Invisible glue lines in the long term?

I recently came into a bunch of 4/4 rough maple and would like to laminate some of it into thicker stock for legs. I'm planning on either painting or ebonizing them, so I'm not so worried about grain or color match as I am about the glue lines becoming visible over time. (Is this called "cold creep"?) I've seen where even T3 develps this and I'd like to avoid it if possible. Can anyone recommend a glue that would minimize this issue?
Thanks.
JP
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I have some experience laminating stock and most of the problems I have seen are related to poor fit and inadequate clamping pressure.
Titebond recommends 175 to 250 psi clamping pressure for T2, (on hard hardwoods) for a 30 inch table leg 4 inches wide this works out to a minimum of 21,000 pounds, think very heavy clamping frames and hydraulic jacks.
It sounds extreme but it will give you permanent thin glue joints.
basilisk
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Jay Pique wrote:

IME, and depending upon the cut (plain sawn, quarter sawn, etc), you will generally not have a problem with creep when laminating face to face to gain thickness for things like table legs.
The "glue line creep" problem seems more prevalent when gluing up panels, edge to edge, and can also be affected in magnitude by the particular cut of the wood used to do the "laminating".
IME, quarter sawn wood will often move more in thickness than it does in width, resulting in the creep becoming more obvious with changes in RH, particularly on edge to edge panel glue-ups.
I've laminated/glued up quite a bit of stock for table legs, face grain to face grain, and have yet to have a problem with glue line creep.
As alway, YMMV ... just my experience.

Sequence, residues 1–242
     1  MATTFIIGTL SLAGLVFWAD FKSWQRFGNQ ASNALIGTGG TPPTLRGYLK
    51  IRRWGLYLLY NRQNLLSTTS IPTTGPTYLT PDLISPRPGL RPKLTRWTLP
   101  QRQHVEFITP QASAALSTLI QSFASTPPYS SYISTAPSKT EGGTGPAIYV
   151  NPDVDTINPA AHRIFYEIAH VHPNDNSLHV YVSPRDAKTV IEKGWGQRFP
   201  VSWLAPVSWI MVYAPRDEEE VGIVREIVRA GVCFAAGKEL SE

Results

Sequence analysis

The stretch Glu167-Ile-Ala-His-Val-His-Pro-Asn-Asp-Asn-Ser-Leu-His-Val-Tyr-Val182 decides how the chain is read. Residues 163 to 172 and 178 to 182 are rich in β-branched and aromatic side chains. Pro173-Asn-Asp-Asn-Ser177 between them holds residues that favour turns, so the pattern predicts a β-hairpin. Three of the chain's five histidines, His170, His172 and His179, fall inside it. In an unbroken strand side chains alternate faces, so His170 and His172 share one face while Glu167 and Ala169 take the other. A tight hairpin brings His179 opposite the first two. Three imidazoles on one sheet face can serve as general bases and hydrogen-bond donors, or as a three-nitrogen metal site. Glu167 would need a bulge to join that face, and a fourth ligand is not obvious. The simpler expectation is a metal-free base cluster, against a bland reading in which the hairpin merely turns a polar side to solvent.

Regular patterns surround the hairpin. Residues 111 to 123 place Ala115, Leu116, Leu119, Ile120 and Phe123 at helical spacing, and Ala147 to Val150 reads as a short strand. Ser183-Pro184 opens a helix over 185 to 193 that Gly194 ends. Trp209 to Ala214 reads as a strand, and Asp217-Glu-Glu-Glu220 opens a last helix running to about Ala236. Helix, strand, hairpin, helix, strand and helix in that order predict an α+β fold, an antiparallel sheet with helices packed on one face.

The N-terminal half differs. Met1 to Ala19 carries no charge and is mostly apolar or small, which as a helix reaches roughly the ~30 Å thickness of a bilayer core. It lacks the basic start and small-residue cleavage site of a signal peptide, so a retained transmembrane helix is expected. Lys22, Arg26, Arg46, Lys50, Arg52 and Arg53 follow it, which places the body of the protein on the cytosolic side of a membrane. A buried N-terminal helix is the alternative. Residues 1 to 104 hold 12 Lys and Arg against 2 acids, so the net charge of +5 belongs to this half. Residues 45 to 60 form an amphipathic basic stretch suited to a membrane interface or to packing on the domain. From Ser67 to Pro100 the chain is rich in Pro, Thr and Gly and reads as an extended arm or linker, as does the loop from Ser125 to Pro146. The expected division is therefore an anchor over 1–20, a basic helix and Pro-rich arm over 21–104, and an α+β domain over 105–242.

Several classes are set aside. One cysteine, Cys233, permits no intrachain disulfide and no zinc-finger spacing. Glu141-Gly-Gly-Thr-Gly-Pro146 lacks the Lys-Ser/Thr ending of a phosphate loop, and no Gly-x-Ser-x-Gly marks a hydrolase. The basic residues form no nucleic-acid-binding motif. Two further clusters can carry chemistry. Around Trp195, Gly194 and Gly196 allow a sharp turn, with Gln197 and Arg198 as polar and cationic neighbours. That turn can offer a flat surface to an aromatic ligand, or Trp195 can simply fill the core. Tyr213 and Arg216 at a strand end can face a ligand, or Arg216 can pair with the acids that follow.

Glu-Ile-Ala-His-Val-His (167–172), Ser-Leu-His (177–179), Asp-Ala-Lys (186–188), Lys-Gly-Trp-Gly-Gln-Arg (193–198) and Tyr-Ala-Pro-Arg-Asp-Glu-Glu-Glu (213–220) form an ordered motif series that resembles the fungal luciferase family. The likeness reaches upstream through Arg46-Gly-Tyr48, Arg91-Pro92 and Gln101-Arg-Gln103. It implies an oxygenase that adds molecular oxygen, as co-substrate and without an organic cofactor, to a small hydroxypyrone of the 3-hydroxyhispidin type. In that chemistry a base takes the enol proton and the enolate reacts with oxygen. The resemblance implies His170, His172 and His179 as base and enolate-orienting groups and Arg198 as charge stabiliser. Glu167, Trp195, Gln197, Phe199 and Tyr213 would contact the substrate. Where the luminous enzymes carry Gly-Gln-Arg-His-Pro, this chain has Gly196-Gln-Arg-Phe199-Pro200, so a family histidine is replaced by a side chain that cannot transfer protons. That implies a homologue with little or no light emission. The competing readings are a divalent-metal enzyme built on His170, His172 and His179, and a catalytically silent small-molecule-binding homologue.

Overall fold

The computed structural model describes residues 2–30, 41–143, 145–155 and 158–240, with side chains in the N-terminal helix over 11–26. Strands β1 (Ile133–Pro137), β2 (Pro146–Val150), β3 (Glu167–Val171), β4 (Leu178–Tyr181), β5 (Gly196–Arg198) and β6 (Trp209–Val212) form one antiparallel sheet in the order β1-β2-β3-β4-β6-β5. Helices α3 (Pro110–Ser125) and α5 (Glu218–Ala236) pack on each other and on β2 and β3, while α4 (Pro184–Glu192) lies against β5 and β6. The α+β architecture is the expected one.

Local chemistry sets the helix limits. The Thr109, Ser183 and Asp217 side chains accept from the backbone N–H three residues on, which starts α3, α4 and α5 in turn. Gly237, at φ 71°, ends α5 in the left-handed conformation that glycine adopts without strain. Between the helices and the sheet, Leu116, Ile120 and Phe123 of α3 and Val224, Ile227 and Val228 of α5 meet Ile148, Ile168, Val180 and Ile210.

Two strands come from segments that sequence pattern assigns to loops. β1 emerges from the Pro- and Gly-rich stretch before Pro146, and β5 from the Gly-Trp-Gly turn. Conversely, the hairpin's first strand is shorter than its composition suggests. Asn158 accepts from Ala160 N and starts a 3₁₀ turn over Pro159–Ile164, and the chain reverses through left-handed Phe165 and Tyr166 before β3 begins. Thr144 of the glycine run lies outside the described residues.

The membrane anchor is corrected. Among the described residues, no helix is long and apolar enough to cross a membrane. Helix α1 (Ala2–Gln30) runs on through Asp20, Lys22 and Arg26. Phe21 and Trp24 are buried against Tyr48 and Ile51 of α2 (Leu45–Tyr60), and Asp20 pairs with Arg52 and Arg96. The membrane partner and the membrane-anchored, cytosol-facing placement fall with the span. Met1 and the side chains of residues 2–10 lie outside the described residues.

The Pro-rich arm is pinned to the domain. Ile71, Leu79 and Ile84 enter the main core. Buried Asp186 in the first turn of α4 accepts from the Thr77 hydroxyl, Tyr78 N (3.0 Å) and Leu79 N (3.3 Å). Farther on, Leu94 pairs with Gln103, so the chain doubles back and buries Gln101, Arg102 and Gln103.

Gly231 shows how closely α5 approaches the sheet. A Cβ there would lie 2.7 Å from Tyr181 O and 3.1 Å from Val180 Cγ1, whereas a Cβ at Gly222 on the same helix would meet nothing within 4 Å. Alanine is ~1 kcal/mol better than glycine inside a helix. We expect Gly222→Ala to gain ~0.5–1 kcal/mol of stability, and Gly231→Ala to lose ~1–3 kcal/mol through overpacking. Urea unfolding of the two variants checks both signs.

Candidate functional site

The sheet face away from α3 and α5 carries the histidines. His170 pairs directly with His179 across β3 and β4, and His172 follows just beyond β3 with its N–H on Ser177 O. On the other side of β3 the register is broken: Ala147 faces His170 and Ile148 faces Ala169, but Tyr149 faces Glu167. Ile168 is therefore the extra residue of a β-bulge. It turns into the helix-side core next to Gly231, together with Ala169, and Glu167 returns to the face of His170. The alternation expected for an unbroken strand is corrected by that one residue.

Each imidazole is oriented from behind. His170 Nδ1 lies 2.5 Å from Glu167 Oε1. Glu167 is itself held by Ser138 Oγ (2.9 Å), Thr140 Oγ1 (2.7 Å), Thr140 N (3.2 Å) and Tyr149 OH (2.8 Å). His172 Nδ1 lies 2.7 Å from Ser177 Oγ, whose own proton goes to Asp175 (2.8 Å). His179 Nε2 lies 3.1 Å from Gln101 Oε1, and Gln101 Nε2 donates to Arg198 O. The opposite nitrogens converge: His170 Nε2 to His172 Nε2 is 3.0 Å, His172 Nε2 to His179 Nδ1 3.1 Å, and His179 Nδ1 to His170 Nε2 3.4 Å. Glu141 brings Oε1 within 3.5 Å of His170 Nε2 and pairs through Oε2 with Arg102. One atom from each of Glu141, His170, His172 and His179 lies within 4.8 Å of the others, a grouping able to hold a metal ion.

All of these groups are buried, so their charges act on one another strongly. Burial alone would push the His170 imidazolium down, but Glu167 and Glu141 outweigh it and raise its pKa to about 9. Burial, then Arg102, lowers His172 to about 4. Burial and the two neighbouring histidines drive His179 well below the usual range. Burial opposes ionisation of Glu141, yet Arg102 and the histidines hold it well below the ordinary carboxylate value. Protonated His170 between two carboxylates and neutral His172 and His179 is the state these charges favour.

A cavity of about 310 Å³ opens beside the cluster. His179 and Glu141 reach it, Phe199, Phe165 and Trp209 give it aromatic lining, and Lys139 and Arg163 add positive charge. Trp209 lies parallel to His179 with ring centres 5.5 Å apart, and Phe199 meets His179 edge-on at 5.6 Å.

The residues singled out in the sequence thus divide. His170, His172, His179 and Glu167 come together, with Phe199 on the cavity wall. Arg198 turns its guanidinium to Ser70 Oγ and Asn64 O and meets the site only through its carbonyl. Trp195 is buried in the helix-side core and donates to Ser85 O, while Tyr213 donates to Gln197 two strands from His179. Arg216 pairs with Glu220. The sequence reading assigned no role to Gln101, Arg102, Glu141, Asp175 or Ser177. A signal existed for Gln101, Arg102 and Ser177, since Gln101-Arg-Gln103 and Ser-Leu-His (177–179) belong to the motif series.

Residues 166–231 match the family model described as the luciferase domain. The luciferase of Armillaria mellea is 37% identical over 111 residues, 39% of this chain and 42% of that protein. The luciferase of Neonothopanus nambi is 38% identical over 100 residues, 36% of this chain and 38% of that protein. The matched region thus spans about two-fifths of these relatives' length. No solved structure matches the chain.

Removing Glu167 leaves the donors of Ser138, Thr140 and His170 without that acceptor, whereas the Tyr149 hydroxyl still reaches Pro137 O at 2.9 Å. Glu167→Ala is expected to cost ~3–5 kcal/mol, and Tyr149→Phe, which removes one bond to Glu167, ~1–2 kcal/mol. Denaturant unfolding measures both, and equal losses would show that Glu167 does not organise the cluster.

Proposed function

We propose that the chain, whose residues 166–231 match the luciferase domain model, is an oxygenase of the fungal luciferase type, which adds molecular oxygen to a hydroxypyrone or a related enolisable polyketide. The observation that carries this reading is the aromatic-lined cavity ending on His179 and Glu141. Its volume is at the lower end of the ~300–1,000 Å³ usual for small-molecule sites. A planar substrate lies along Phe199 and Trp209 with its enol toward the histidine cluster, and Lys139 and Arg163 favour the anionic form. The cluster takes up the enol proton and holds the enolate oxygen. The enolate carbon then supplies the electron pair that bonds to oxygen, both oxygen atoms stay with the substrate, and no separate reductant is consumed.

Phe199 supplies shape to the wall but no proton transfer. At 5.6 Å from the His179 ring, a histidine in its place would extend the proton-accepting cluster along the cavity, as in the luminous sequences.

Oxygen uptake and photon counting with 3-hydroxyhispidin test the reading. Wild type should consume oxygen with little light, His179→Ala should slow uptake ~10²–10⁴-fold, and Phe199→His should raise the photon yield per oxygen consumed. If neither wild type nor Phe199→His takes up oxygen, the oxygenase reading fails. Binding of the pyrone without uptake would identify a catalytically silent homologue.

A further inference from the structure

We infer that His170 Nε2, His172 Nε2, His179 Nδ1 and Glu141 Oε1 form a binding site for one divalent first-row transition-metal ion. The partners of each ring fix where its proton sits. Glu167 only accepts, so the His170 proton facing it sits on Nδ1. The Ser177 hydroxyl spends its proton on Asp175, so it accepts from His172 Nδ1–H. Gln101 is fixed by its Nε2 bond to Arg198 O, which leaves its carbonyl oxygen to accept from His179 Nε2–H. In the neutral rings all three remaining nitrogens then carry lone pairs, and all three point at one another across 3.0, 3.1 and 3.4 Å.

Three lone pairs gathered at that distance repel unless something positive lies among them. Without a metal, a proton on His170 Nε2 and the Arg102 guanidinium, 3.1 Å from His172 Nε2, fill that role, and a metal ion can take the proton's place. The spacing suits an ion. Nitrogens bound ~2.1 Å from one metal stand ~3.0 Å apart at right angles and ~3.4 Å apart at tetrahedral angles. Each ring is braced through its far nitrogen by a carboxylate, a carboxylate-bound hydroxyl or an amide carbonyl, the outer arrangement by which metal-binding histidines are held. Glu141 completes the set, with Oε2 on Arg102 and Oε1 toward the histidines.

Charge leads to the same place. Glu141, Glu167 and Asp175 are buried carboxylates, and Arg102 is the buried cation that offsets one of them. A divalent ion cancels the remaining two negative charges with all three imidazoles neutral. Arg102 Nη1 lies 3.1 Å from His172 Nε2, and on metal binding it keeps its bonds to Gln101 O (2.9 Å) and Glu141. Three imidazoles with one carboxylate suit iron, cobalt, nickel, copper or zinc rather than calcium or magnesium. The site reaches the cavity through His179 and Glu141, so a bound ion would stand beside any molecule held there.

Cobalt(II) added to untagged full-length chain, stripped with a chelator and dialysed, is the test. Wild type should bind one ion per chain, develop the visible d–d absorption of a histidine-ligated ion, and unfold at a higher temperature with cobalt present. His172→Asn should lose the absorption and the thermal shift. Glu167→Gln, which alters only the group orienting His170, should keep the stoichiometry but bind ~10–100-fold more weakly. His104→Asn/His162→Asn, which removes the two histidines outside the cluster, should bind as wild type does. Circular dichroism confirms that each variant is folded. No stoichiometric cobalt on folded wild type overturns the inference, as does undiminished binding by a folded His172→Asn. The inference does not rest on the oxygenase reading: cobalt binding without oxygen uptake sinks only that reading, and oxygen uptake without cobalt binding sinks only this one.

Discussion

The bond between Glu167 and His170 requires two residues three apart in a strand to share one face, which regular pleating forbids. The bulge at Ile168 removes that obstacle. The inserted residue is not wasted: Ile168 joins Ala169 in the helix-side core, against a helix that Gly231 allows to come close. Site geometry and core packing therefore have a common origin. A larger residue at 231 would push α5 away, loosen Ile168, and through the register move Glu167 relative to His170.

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Very interesting info.

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Yes you may get some glue creep over time. Just be sure to use a dye as part of your ebonizing process and it should colorize the glue enough so if any creeps it will still be the right color.
In fact, I would assume you could dye the glue prior to using it without adverse effects. Just a drop or two of transtint. But I am not 100% sure this wouldn't screw up the glue but might be worth testing.

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Eleminate the glue lines in the expected areas. Glue up your panels and then cut your leg blanks out with a 45 degree bevel. Basically this puts the glue line on the corner of the leg instead of in the middle. I can provide a drawing of the concept if you like.
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When I was a young man urea formaldehyde glues were used. Cascamite was the brand. A white powder mixed with water which goes off to a rock hard, brittle, waterproof, gap filling, chisel blunting resin. Never a glue line.
The bottom line is that a PVA glue doesn't set hard, so any subsequent stress will expose a glue line, especially in a dark finish. It doesn't sand away to powder either so sometimes you get a glue line anyway. I have been using polyurethane for some years now scarfing new wood onto old, planing and painting and so far the results are excellent, no glue line (as long as I got the joint close).
Tim W
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Jay Pique wrote:

Obvious choice is an oldie but a goodie, Weldwood Plastic Resin Glue. Whatever else one may say about it, it's _not_ going to creep.
Stuff used to be in any hardware store in small cans, now the smallest you can get is a pound and it's hard to find. If all else fails Amazon has it.
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